PORT Waratah Coal Services has reacted strongly to signs the NSW Government could back moves to close Carrington coal terminal and “renew” the historic precinct for tourism.
Port Waratah will lodge a lengthy submission with the Department of Planning on Wednesday after confirming it was “very surprised and concerned” to see a draft Greater Newcastle Metropolitan Plan proposal to investigate relocating coal export facilities and bulk fuel storages from the Carrington site and explore options for alternative uses, including tourism.
“We did not know that statement within that draft would be there,” a PWCS spokesperson said of the investigation, which the draft plan said would be conducted by the Port of Newcastle, “working with Newcastle City Council and the Department of Planning”.
The draft plan did not refer to Port Waratah Coal Services, which operates the Carrington terminal on a lease with the Port of Newcastle that expires in 2024. The two groups have been in talks about the lease renewal for several years. PWCS also operates a larger Kooragang terminal with capacity to handle 120 million tonnes per year. The older Carrington terminal has capacity for 25 million tonnes per year but processed less than 15 million tonnes in 2017, or less than 70 per cent capacity.
While PWCS would not respond to questions about the symbolic significance of the NSW Government at least considering reducing export facilities at the world’s biggest coal port, environment groups including Lock the Gate said closing Carrington coal terminal “would be a profound symbol of change for Newcastle”.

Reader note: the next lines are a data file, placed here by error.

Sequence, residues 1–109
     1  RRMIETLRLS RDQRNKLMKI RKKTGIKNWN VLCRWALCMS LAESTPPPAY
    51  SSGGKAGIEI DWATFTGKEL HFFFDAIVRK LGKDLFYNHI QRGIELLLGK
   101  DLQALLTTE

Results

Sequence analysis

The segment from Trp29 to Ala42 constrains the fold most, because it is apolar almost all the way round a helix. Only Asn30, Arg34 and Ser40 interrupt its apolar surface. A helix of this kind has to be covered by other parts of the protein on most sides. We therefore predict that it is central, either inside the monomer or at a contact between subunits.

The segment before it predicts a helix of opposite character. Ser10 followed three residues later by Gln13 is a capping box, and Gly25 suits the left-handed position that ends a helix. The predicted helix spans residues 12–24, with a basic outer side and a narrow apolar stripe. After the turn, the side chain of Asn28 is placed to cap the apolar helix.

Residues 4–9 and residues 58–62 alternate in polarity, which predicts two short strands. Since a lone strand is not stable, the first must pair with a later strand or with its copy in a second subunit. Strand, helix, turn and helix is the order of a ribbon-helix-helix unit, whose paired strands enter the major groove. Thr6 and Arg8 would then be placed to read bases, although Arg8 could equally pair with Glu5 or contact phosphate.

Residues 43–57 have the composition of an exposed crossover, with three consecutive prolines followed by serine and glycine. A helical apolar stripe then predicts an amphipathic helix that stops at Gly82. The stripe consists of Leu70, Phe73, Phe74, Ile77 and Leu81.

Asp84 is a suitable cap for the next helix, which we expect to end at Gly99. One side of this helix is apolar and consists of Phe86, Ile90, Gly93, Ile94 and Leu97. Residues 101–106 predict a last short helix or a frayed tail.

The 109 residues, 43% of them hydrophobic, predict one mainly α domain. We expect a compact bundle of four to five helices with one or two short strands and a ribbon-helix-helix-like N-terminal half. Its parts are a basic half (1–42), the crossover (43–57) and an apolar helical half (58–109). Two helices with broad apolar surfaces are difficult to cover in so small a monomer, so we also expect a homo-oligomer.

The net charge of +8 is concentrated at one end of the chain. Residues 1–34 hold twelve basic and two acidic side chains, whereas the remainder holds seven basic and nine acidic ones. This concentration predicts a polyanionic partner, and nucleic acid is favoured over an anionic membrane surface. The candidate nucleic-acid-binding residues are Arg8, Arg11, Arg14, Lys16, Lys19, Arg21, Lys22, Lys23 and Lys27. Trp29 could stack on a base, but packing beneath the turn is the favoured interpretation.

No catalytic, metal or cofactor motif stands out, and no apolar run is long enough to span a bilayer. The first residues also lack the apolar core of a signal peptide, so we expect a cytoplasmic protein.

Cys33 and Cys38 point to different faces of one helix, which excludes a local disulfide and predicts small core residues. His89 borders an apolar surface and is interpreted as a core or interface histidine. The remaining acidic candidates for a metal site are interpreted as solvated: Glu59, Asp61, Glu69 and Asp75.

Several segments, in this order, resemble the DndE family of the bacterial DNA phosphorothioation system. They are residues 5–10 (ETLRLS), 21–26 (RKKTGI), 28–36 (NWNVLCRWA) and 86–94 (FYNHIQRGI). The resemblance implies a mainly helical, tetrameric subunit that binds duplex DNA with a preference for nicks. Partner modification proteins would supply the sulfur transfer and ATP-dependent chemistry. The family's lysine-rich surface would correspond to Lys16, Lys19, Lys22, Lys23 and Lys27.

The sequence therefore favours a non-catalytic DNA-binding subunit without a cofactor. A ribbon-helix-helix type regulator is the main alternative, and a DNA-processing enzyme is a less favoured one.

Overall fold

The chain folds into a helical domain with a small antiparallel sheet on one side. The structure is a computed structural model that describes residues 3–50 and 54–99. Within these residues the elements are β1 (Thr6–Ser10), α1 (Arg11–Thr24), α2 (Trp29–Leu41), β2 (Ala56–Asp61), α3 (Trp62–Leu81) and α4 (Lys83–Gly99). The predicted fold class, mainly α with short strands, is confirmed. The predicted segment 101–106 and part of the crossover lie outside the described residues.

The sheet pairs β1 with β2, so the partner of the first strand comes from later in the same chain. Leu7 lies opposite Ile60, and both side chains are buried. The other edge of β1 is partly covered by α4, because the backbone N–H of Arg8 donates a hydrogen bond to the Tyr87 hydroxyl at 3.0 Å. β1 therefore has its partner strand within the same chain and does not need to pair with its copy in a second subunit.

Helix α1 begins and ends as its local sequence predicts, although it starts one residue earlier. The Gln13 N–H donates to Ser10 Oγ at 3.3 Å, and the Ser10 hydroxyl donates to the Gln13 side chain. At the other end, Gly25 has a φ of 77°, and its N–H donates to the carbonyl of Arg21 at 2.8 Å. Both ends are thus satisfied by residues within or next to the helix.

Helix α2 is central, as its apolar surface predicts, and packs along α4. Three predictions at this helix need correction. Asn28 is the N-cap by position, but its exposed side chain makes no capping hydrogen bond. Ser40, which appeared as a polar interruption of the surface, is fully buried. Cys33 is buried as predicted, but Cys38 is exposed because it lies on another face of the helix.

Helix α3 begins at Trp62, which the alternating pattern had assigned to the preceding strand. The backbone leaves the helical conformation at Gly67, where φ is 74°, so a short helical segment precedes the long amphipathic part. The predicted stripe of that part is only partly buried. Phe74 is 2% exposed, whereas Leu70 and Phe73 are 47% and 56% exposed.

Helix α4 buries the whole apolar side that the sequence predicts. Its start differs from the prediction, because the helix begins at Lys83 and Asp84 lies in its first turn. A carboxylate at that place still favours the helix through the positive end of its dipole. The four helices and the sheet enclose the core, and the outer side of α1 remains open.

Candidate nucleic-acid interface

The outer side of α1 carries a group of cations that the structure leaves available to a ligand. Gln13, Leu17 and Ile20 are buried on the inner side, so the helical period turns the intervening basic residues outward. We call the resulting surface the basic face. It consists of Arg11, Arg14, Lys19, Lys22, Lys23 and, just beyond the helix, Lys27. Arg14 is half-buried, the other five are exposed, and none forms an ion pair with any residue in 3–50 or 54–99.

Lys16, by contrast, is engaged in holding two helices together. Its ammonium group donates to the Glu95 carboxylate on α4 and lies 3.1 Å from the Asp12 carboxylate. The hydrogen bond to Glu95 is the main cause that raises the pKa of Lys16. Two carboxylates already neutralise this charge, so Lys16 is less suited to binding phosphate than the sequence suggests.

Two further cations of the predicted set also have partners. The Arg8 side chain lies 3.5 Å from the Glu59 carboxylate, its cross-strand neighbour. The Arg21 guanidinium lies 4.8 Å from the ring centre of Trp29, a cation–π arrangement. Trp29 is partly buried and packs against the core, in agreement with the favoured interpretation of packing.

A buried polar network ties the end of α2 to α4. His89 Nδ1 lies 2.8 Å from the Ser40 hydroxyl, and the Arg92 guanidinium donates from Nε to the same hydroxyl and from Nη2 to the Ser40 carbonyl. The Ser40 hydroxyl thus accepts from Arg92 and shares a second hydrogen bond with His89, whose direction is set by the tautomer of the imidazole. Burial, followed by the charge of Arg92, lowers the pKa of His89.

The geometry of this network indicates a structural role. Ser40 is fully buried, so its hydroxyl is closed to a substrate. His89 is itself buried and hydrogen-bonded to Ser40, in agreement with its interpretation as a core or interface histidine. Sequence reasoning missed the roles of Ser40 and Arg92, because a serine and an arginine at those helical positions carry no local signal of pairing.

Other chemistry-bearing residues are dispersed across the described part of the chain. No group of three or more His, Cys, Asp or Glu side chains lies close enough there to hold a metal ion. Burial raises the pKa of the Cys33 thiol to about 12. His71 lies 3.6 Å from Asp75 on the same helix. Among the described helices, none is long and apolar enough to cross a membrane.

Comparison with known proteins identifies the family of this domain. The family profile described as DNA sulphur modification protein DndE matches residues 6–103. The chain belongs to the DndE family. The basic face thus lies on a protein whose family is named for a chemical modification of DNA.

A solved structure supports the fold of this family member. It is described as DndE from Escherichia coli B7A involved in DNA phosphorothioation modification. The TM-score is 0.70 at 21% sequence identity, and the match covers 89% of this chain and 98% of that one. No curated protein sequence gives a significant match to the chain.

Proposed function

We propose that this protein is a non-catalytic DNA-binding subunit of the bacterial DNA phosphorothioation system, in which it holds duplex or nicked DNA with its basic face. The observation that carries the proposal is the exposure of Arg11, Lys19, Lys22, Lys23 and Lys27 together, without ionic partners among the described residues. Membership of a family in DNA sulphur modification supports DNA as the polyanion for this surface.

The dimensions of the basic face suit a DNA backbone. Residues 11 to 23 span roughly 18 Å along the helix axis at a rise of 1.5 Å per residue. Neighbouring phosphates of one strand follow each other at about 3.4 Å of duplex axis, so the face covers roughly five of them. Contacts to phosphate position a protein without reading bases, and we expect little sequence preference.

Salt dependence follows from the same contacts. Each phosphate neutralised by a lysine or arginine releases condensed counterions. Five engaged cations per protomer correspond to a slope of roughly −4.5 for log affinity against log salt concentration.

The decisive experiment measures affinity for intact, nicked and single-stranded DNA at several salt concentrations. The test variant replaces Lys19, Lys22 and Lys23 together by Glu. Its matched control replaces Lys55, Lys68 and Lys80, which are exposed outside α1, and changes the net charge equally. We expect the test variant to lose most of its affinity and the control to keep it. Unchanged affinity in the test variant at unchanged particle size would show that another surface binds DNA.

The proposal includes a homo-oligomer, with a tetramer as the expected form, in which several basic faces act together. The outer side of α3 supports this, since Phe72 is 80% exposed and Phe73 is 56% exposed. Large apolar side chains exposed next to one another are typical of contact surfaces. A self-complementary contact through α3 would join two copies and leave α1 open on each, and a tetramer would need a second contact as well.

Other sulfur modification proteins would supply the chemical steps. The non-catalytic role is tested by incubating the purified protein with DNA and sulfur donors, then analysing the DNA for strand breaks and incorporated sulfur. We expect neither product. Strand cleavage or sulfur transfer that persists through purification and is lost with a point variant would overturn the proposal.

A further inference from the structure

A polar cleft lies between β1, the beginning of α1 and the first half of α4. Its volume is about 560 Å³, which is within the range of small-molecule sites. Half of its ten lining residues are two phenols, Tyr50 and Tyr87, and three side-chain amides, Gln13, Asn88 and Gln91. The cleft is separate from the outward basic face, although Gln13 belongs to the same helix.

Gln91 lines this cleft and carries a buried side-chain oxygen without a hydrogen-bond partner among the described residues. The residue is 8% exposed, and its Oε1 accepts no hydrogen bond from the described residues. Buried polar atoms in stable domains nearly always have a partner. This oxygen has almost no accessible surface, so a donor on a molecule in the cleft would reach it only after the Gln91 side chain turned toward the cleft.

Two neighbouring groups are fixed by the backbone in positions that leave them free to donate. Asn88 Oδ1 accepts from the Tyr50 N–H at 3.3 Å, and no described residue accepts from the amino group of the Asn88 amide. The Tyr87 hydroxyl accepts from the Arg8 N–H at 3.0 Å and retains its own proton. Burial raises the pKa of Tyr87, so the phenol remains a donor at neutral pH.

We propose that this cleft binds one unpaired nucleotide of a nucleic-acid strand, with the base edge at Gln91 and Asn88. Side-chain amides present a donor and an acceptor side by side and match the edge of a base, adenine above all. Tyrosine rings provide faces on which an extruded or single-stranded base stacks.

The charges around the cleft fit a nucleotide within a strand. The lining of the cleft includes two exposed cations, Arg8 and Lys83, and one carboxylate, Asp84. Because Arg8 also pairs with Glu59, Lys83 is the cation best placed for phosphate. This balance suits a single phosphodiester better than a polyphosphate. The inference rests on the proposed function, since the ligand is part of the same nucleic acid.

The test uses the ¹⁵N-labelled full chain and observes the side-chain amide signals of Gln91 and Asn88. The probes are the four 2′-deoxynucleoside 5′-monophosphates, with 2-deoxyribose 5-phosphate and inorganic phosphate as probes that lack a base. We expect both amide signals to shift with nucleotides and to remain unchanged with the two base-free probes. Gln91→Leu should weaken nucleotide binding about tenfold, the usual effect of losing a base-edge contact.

Tighes Hill Community Group spokesperson Charlotte McCabe said the community was “delighted” the NSW Government was open to exploring closing the city’s oldest and most urban export coal terminal and concentrating all coal exports on Kooragang Island, further away from residential areas.
We did not know that statement within that draft would be there.Port Waratah Coal Services
“This investigation is consistent with the decision by the Port of Newcastle to promote diversification. Relocating the Carrington coal terminal and stockpiles will free up prime real estate that could much more beneficially be used for new export or tourism industries such as the proposed Carrington Cruise Ship Terminal, uses that are compatible with a residential area,” Ms McCabe said.
The community group would lodge more than 300 submissions with the department on Wednesday supporting the terminal’s closure.
The first-ever draft Greater Newcastle Metropolitan Plan, released by the NSW Government in November as a document to guide planning until 2036, aimed to “capitalise on investment through a collaborative approach”.
But in a statement on Tuesday in response to questions from the Newcastle Herald, a Port of Newcastle spokesperson said the section of the draft plan about relocating Carrington terminal facilities was an error and “We have written to the Department of Planning to seek a correction in the final plan”.
The Department of Planning did not respond to Herald questions about whether the Carrington section of the draft plan was an error, and said it was a plan “with a vision for how Greater Newcastle can match a great lifestyle with economic prosperity”.
“The Department of Planning and Environment wants to hear from the public to get their feedback on the draft plan. The public has until Wednesday to make comments. We will closely consider all submissions received during the exhibition,” a spokesperson said.
The Port of Newcastle said it “supports the continuation of coal exports at the PWCS Carrington Coal Terminal”.
“This land is part of Port of Newcastle’s landholdings under its 98 year lease with the NSW Government which commenced on 30 May 2014,” a spokesperson said.